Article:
From a very young age, Roark Sizemore had the seeds of volunteerism planted in him. He refers to his mom, Christine Wang, as the real guiding light in his compassion for others that led him to volunteering. Her example — the way she’s given her time, money, and love to people her entire life — has had a significant impact on Roark.
Since Roark was a young boy, Christine took him along to almost everything she did and helped him find a role that taught him leadership by trusting him with responsibility. Roark recalls pouring drinks and seeing his mom casually put a tray under his area, occasionally wiping any spills with paper towels. He remembers Christine teaching him how to lay out desserts on a table, offering suggestions but never criticizing or taking over. Roark said he watched and learned as his mom took on any and all jobs, whether that meant cleaning bathrooms or giving out prizes.
When Roark was in seventh grade, the seeds of volunteerism started to sprout. His middle school principal told Roark there was a need for Energy Express volunteers, so Roark served by helping children with reading.
Once again, Christine was there, transporting Roark and his friends who were also volunteering and helping them with paperwork. Roark said she listened to him and his peers and gave them advice on how to reach the children who were struggling. One tip Roark remembers was to eat breakfast and lunch with them.
During that same school year, Roark and his recreational league basketball team decided they wanted to do something to help the church where they practiced. They learned about Circle of Friends, a group in Morgantown, West Virginia, that serves food on the weekends to anyone who needs it. This became an activity all 10 boys enjoyed; they were learning to cook and serving their community. Roark’s spirit of volunteerism had grown into a seedling.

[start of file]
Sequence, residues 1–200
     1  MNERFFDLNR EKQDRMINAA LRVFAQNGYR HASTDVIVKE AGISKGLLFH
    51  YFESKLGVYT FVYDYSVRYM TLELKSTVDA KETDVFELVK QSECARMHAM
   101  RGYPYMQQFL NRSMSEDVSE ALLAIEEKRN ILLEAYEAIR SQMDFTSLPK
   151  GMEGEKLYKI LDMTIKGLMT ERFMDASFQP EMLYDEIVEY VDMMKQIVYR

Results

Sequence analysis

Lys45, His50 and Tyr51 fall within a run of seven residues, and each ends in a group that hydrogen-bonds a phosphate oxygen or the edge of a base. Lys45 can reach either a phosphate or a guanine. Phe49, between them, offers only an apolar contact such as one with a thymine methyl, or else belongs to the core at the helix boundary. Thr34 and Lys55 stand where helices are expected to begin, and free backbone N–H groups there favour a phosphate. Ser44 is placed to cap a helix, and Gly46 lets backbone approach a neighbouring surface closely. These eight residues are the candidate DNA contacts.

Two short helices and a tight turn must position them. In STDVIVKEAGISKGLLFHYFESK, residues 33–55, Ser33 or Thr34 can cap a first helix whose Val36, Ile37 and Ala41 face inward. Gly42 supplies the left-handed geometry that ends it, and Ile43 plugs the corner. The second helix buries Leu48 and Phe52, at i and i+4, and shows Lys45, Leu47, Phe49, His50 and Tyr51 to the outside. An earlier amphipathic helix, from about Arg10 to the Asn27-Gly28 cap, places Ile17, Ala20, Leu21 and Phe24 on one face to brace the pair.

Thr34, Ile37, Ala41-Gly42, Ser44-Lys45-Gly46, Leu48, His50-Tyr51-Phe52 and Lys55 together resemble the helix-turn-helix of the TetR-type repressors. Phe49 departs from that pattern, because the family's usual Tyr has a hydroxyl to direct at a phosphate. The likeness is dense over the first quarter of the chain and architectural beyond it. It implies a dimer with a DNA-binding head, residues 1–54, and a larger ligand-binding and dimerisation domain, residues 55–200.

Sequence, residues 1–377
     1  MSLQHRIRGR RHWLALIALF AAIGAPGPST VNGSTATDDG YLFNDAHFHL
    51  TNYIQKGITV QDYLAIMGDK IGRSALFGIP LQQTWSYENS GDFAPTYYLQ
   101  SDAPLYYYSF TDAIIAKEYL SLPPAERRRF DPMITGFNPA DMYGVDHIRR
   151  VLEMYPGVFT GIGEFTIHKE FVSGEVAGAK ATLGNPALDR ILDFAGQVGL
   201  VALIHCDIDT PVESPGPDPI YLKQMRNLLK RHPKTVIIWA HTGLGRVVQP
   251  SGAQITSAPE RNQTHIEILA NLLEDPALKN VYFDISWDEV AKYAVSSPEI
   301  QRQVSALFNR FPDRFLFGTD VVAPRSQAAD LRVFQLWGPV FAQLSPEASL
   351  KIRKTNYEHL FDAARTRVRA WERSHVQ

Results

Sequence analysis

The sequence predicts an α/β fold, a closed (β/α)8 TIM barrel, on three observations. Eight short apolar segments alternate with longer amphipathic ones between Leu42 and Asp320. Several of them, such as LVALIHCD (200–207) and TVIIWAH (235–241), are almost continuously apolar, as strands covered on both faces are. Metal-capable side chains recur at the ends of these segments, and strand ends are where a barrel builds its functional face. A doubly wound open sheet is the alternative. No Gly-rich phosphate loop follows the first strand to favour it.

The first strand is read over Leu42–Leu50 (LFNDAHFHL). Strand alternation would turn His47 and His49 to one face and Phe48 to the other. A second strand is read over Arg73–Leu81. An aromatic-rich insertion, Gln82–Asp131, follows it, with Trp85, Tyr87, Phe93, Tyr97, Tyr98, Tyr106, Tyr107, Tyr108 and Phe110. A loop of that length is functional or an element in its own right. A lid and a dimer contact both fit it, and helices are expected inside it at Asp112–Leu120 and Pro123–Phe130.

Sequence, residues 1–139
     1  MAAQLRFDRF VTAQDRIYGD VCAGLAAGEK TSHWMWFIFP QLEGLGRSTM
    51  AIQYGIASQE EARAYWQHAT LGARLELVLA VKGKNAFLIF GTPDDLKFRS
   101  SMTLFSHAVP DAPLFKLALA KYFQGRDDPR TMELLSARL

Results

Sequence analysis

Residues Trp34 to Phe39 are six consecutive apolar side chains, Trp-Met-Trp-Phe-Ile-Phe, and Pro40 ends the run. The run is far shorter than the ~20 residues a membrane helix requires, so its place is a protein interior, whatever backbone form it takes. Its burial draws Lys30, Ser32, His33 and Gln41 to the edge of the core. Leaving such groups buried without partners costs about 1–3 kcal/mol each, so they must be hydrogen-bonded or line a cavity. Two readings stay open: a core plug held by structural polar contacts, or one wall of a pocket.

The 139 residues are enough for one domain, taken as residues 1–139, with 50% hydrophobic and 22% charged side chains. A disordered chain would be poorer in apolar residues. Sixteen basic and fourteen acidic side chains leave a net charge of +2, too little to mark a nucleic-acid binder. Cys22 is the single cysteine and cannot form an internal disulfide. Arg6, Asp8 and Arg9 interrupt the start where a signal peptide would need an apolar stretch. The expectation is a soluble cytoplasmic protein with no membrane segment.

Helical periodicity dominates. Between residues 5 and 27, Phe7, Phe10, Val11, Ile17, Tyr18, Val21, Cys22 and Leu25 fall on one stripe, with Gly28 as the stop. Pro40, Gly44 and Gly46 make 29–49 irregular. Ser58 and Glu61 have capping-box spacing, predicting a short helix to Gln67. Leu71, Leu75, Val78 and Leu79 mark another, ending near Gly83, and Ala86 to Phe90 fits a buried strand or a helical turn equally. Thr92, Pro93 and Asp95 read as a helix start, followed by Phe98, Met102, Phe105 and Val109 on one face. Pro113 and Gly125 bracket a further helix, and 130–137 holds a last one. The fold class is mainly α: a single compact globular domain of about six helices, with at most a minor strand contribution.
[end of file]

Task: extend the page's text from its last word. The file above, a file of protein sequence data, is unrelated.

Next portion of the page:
While volunteering at a meal hosted by Circle of Friends, Roark saw one of his classmates, a young man who needed food for himself and his three younger siblings. It was that moment —when he saw a peer who attended the same school and even did the same homework — that caused the volunteerism seedling to grow into a plant, firmly rooted in Roark’s being.
During high school, the volunteerism branched out to leadership. Roark joined the service club, Hi-Y, and later became its president for two years. He grew the club to nearly 200 members. Roark’s goal became to introduce kids his age to volunteer possibilities, while making it fun, just like his mom had done.
Over the next few years, they volunteered at themed runs like Color Me Rad, did Habitat for Humanity building projects, tutored kids, participated in the WVU Medicine Children’s Heart Hustle Dance-a-Thon, and served with Energy Express — all while continuing to volunteer at the dinners prepared by Circle of Friends.
Each year, Roark participated in a statewide Youth in Government program, an opportunity that eventually led to him serving as the Youth Governor of West Virginia. Thanks to his volunteer and government experiences, Roark believed he could make real changes and impact the most vulnerable lives in his community.